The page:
Meaning of Intelligence in Psychology
Intelligence is defined as the ability to learn, understand, and interact with one’s environment (Carter, 2009). Working memory is a part of the brain that retains information over a short period of time and performs mental operations (Gazzaniga, Irvy, & Mangun, 2018).
An example of working memory would be remembering numbers which are maintaining the information and adding which would be manipulating which is using our memory.
Intelligence is also the ability to make decisions which are done by determining pros and cons (Carter, 2009).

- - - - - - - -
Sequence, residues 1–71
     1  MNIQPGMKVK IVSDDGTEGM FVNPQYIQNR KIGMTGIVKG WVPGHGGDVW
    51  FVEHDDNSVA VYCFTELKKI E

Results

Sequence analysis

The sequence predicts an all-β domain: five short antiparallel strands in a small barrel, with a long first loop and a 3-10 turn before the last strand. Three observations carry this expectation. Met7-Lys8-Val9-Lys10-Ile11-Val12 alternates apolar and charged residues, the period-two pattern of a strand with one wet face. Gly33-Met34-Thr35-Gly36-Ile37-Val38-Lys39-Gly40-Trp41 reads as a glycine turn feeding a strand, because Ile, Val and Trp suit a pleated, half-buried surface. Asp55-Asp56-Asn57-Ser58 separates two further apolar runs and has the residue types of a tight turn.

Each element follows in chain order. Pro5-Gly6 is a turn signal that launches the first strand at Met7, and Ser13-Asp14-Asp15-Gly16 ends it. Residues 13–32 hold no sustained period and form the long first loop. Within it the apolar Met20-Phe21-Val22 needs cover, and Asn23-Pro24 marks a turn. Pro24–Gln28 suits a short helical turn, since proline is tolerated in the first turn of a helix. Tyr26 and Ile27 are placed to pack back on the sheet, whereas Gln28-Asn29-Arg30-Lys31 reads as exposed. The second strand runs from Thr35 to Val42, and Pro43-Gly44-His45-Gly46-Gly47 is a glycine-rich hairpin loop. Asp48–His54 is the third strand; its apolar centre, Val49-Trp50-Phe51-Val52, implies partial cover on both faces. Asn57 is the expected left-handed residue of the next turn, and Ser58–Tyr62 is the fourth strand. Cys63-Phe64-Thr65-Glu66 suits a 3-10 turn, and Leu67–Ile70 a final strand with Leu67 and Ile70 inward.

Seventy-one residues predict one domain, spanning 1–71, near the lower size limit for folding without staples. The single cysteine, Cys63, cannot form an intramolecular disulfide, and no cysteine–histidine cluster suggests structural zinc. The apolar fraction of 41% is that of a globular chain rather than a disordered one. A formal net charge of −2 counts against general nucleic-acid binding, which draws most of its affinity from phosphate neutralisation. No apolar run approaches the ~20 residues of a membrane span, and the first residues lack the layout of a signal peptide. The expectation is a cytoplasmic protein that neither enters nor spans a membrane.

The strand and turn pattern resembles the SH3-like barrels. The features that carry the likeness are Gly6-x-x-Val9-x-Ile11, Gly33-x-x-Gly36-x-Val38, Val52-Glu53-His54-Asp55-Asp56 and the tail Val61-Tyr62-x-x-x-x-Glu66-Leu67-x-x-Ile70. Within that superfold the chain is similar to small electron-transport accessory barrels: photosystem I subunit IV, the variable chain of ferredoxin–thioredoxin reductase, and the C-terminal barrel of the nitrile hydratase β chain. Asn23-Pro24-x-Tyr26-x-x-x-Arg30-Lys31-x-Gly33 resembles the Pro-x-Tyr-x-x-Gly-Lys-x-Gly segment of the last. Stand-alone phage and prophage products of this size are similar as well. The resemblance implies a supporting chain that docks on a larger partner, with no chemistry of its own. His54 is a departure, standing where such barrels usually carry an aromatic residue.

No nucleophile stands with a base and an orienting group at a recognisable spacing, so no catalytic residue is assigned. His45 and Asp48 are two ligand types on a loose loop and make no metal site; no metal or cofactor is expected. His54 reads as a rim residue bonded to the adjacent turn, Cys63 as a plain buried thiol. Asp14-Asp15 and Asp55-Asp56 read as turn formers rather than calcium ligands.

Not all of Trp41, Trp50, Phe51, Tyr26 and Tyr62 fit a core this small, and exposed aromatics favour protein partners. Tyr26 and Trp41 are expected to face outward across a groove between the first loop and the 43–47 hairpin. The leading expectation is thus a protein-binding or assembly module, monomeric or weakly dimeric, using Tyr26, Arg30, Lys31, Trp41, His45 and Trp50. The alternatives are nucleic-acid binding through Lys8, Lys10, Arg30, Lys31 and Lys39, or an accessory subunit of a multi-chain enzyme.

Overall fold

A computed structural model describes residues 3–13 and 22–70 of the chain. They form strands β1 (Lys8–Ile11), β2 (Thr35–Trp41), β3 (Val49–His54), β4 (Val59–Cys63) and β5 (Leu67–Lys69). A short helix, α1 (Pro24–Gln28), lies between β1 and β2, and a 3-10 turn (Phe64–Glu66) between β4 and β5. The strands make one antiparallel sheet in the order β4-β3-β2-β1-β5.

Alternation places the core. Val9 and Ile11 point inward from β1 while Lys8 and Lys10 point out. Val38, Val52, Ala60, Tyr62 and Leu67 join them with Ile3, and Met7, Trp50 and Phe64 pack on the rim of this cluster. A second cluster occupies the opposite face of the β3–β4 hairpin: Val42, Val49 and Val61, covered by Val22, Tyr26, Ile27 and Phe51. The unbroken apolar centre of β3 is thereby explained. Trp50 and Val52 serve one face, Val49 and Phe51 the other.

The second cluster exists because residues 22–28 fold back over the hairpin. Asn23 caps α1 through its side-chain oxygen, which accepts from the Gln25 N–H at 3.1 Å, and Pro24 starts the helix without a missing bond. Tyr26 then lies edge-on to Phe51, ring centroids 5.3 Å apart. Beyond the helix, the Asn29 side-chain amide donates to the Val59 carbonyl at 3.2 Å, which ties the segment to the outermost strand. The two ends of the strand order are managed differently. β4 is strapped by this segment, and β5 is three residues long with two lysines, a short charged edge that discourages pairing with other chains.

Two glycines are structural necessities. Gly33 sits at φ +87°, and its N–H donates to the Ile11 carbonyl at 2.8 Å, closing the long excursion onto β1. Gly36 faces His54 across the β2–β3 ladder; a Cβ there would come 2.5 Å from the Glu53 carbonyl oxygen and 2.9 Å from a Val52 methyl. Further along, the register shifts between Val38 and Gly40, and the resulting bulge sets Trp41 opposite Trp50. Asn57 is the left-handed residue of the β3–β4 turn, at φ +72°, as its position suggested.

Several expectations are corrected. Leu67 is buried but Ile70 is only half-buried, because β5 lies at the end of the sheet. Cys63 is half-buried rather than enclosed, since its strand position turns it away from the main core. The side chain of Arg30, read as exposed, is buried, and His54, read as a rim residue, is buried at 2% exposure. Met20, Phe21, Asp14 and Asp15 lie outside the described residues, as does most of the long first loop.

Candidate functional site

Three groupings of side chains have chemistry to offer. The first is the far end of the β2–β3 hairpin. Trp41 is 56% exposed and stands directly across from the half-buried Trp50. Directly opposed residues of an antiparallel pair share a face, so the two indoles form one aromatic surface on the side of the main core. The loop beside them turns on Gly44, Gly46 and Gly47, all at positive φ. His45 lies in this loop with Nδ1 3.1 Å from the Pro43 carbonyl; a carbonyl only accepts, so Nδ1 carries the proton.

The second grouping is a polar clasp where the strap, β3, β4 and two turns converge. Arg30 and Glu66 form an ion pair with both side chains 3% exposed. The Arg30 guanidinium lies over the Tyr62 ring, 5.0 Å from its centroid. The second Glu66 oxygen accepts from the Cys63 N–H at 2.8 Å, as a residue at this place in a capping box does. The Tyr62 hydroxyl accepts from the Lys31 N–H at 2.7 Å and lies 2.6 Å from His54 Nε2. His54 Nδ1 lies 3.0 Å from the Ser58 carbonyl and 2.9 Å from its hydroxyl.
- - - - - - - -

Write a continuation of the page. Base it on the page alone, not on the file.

Decision making starts in the premotor cortex and is activated to make decisions about physical movements unconsciously, if more than a simple physical action is needed an area of the cortex is brought in and refine a plan of action, then prefrontal areas are brought in with comparing present and past situations if it’s complicated, and lastly, the frontest part of the brain activates and combines all the information gathered into a full plan.
Learning and intelligence are based on decision making and that is what we do every single day as humans. Our working memory is what is used to help remember new things for example a new job.
Our working memory helps us learn the new job role which is then transferred to intelligence.